Design criteria for implantable, heat-generating devices such as the total artificial heart require the determination of safe thresholds for chronic heating. This involves in-vivo experiments in which tissue temperature distributions are obtained in response to known heat sources. Prior to experimental studies, simulation using a mathematical model can help optimize the design of experiments. In this paper, a theoretical analysis of heat transfer is presented that describes the dynamic, one-dimensional distribution of temperature from a heated surface. Loss of heat by perfusion is represented by temperature-independent and temperature-dependent terms that can reflect changes in local control of blood flow. Model simulations using physiologically appropriate parameter values indicate that the temperature elevation profile caused by a heated surface adjacent to tissue may extend several centimeters into the tissue. Furthermore, sensitivity analysis indicates the conditions under which temperature profiles are sensitive to changes in thermal diffusivity and perfusion parameters. This information provides the basis for estimation of model parameters in different tissues and for prediction of the thermal responses of these tissues.

Commentary by Dr. Valentin Fuster
J Biomech Eng. 1997;119(1):81-86. doi:10.1115/1.2796069.

A theoretical boundary friction model is proposed for predicting the frictional behavior of articular cartilage, including its time-dependent, velocity-dependent, and load-dependent responses. This theoretical model uses the framework of the biphasic theory for articular cartilage, and provides a mathematical formulation for the principle that interstitial fluid pressurization contributes significantly to reduction of the effective friction coefficient. Several examples of the application of this theory are provided, which demonstrate that a variety of experimentally observed cartilage frictional behaviors can now be theoretically predicted.

Commentary by Dr. Valentin Fuster
J Biomech Eng. 1997;119(1):87-92. doi:10.1115/1.2796070.

In this study, a three-dimensional finite element model of the human lower cervical spine (C4-C6) was constructed. The mathematical model was based on close-up CT scans from a young human cadaver. Cortical shell, cancellous core, endplates, and posterior elements including the lateral masses, pedicle, lamina, and transverse and spinous processes, and the intervertebral disks, were simulated. Using the material properties from literature, the 10,371-element model was exercised under an axial compressive mode of loading. The finite element model response agreed with literature. As a logical step, a parametric study was conducted by evaluating the biomechanical response secondary to changes in the elastic moduli of the intervertebral disk and the endplates. In the stress analysis, the minimum principal compressive stress was used for the cancellous core of the vertebral body and von Mises stress was used for the endplate component. The model output indicated that an increase in the elastic modulii of the disk resulted in an increase in the endplate stresses at all the three spinal levels. In addition, the inferior endplate of the middle vertebral body responded with the highest mean compressive stress followed by its superior counterpart. Furthermore, the middle vertebral body produced the highest compressive stresses compared to its counterparts. These findings appear to correlate with experimental results as well as common clinical experience wherein cervical fractures are induced due to external compressive forces. As a first step, this model will lead to more advanced simulations as additional data become available.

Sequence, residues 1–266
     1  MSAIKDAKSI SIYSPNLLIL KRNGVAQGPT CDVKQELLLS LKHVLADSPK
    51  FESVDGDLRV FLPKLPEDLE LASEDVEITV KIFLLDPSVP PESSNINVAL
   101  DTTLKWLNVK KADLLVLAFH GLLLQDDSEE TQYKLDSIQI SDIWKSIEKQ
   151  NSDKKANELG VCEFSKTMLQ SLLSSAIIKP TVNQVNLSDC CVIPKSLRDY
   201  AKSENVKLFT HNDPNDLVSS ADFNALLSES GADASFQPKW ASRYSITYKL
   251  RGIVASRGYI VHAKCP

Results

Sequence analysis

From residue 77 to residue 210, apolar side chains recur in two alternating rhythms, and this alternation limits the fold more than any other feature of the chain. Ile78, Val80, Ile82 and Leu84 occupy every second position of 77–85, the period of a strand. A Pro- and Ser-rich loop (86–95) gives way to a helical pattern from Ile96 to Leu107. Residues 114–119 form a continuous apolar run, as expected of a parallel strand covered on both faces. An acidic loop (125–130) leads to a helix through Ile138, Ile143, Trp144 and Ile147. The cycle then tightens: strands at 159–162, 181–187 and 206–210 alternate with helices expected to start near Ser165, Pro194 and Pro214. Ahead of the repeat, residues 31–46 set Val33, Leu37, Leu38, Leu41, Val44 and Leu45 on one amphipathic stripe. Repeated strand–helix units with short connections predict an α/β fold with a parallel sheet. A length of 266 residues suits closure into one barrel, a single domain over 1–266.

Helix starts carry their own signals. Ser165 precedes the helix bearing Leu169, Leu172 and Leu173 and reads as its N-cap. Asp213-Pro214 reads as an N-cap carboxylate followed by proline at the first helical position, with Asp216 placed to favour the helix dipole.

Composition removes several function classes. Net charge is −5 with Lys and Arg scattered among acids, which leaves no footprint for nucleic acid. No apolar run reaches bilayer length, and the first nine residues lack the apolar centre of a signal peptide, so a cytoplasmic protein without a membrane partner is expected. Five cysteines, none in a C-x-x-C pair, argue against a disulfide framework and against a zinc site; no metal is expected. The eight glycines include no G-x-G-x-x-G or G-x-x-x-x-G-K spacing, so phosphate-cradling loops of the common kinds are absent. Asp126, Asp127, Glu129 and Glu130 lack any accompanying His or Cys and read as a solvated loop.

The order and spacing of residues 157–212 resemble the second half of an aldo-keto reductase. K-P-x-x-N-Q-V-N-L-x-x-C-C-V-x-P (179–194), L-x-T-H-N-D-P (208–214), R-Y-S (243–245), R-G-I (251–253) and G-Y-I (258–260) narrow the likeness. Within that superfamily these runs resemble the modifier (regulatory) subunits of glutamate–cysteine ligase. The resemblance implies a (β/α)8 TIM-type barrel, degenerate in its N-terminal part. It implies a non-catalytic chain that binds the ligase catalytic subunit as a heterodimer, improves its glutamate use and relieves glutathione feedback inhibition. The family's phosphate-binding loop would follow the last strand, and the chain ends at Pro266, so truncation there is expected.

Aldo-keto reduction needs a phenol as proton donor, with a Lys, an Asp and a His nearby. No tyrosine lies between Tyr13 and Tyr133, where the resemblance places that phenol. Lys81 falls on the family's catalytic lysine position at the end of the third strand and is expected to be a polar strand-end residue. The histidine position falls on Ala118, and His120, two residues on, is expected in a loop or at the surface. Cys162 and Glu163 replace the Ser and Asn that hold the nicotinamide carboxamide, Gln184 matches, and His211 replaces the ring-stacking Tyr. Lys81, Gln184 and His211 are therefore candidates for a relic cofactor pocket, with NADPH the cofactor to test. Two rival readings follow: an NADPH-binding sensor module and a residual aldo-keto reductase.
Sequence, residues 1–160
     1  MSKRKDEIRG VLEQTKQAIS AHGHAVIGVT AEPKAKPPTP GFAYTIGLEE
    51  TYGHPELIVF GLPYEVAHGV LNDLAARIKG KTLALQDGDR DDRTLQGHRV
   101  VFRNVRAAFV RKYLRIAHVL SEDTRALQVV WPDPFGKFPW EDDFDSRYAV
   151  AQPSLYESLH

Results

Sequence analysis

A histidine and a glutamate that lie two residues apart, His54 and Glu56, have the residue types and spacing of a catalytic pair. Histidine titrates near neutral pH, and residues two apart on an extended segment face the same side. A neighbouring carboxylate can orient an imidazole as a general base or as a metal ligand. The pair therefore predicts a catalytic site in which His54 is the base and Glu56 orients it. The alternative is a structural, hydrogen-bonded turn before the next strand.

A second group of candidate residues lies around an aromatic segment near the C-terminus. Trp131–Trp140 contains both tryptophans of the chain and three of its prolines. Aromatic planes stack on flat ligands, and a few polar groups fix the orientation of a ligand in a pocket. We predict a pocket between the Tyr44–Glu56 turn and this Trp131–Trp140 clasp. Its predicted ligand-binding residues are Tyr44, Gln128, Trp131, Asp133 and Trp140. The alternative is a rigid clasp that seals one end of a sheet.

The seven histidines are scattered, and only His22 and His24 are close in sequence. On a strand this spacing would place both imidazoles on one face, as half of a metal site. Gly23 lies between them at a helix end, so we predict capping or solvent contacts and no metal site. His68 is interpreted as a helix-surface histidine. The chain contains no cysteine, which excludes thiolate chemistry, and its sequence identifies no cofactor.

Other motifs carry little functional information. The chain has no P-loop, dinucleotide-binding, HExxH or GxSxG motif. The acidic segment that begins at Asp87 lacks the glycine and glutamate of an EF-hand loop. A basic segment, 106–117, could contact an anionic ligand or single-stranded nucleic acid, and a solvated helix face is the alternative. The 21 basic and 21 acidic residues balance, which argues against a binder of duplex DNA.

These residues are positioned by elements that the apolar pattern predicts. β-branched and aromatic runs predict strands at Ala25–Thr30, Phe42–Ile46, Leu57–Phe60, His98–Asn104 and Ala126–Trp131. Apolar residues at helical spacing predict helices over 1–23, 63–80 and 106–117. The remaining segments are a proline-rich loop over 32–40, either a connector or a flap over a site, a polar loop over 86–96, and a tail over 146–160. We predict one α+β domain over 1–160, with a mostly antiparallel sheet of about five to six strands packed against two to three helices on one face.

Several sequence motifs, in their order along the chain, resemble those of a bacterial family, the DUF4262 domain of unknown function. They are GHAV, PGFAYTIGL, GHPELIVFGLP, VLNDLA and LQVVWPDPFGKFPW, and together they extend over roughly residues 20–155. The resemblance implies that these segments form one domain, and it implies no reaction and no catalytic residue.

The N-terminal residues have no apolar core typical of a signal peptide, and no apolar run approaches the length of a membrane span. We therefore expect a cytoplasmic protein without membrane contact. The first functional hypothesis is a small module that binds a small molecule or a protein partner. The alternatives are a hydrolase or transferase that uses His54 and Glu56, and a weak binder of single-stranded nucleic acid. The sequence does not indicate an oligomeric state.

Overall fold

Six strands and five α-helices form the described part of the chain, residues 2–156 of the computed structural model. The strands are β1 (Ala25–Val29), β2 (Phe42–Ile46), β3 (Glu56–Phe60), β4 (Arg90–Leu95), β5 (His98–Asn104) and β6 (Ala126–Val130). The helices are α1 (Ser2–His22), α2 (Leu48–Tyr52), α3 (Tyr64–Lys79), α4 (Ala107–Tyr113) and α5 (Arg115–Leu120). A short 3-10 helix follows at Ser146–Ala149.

Commentary by Dr. Valentin Fuster
J Biomech Eng. 1997;119(1):93-102. doi:10.1115/1.2796071.

A simplified model of the mechanical properties of muscle and of the musculoskeletal geometry was used to predict torques at the shoulder and elbow during arm movements in the sagittal plane. Subjects made movements to 20 targets spaced on the diameter of a circle centered on the initial location of the hand. Movement kinematics and the electromyographic (EMG) activity of nine shoulder and elbow muscles were recorded. Muscle force was predicted using rectified EMG activity as an input to a Hill-type model of muscle dynamics. The model also made simplifying assumptions about muscle geometry. Muscle force was then converted to torque and the individual muscle torques were weighted to provide the best fit to the joint torque computed from the kinematic data. The overall fit of the model was reasonably good, but the goodness of fit was not uniform over all movement directions. The results suggest that the assumptions about the musculo-skeletal geometry, the model of muscle dynamics, and muscles not included in the analysis all contributed to the error.